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Is Your Mama A Llama Book Sheet


March 1, 2020 - Author:

Is Your Mama a Llama

By Deborah Guarino

A baby llama finds out what kind of mama his animal friends have. Each page uses clues and rhyming words to make an animal guessing game for readers.


  • Have them tell you about the other animals they see on the cover.


  • Ask them what is on the front cover, and if they have ever seen one before.

  • Show the children the front of the book. Ask them to guess what the book is about.

  • Stop at any time if there is something you or the children would like to talk about.

  • Ask them questions so that they can connect what is happening in the book to things they

    already know about. Try some of these ideas: o What does your mama look like?
    o What kinds of foods do you like to eat? o How do you go to bed each night?


  • Spend some time talking about the story. Ask the children things like:
    o How many different animals did you see in the book?
    o What does a llama look like?
    o Which animal likes to eat grass? Which animal hangs by his feet?

Read this book several times to the children. Hearing the same story again and again helps them learn new words and understand the ideas the hear better. Each day, pick a different activity to do with the children after reading.


Pick a page of the book and count all of the animals that are the same in the picture. Help the children to count the different members of the animal family as well. Ask them to tell you which family is bigger, and which family is smaller.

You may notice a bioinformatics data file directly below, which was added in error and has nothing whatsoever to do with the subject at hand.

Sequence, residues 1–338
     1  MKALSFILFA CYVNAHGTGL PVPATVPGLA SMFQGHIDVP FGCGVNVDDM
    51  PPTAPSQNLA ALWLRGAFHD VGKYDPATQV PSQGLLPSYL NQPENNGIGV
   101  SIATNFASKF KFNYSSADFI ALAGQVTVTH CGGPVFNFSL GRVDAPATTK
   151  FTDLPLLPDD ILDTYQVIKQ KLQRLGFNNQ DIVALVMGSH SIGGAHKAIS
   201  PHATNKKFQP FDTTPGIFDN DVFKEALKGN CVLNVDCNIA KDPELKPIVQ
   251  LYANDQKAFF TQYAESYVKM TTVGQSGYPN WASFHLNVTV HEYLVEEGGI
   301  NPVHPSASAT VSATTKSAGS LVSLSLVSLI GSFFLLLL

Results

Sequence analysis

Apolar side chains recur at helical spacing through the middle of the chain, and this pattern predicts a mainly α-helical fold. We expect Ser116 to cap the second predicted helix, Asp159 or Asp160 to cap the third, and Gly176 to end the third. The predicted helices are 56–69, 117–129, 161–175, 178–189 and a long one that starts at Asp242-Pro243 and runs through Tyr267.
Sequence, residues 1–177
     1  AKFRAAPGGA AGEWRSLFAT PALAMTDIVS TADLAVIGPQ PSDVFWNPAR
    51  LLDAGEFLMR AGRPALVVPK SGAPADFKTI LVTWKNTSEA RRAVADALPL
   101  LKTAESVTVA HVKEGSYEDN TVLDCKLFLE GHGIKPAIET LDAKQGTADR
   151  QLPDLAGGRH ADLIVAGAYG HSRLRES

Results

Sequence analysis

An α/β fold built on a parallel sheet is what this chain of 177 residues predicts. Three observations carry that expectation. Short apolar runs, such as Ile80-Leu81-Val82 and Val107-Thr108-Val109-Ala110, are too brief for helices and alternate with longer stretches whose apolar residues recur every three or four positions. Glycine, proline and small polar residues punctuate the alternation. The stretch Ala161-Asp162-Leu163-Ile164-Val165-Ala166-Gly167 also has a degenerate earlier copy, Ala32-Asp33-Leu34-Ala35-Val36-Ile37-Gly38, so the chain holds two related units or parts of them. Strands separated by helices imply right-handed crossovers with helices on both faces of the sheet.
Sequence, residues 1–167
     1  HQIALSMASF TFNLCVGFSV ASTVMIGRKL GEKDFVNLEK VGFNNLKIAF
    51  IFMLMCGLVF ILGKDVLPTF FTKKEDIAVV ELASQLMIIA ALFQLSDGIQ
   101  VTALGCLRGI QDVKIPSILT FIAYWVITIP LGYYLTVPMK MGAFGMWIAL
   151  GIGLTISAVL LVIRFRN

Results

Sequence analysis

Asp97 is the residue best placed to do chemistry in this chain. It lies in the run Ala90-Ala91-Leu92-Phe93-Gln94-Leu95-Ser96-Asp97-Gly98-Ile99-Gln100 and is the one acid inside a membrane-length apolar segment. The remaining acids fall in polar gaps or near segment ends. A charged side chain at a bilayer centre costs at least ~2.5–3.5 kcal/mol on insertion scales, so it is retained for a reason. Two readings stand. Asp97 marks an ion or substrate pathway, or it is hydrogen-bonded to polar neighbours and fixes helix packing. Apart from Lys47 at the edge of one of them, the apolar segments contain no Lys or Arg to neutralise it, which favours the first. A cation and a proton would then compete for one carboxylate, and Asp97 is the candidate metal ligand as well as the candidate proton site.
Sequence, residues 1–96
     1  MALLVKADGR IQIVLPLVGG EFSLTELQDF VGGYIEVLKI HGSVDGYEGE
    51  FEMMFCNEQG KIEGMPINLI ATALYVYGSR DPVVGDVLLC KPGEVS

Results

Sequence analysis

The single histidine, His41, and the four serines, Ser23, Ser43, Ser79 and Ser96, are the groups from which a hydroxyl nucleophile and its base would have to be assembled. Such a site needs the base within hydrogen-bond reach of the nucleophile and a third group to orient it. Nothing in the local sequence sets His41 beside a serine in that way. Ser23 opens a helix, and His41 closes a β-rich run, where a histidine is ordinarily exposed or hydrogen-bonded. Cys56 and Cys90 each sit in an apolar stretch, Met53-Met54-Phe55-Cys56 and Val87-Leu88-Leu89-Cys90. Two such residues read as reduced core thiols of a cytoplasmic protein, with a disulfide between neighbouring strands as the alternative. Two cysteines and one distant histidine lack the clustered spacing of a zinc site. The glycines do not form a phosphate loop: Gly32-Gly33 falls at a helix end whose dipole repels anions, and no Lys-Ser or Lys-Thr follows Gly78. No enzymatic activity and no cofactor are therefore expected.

Ask the children to tell you how they get ready for bed each night. Then, ask them to choose an animal from the book, and describe how they think that animal gets ready for bed. Ask them to tell you what is the same and what is different about the ways they and the animal get ready for bed each night.


Allow the children to pretend to be the mama while you pretend to be the child. Allow them to dress up like you, wearing some adult clothes and shoes. Pretend to go grocery shopping together, run errands, pretend to cook a meal, read you a story or tuck you into bed.


Play “Simon Says” as you move like the different animals in the story. Take turns calling out the animal to move like. Fly like bats, flap your wings like a swan, moo like cows, clap your hands like seals, and hop like kangaroos. Teach the children to hear “Simon Says” before they hear what animal to move like or they will be “Simon”.


Make your own lacing cards. Take an empty cereal box and tear it apart so that it lies flat. Using the inside part of the box, draw animals and cut them out. Punch holes along the outer edges of the animals. Using an old shoelace or yarn (tape the end to make it easier to thread through the holes), teach the children how to lace through the holes.


Have the children color a picture of their family. Label each of the family members as they point them out to you.


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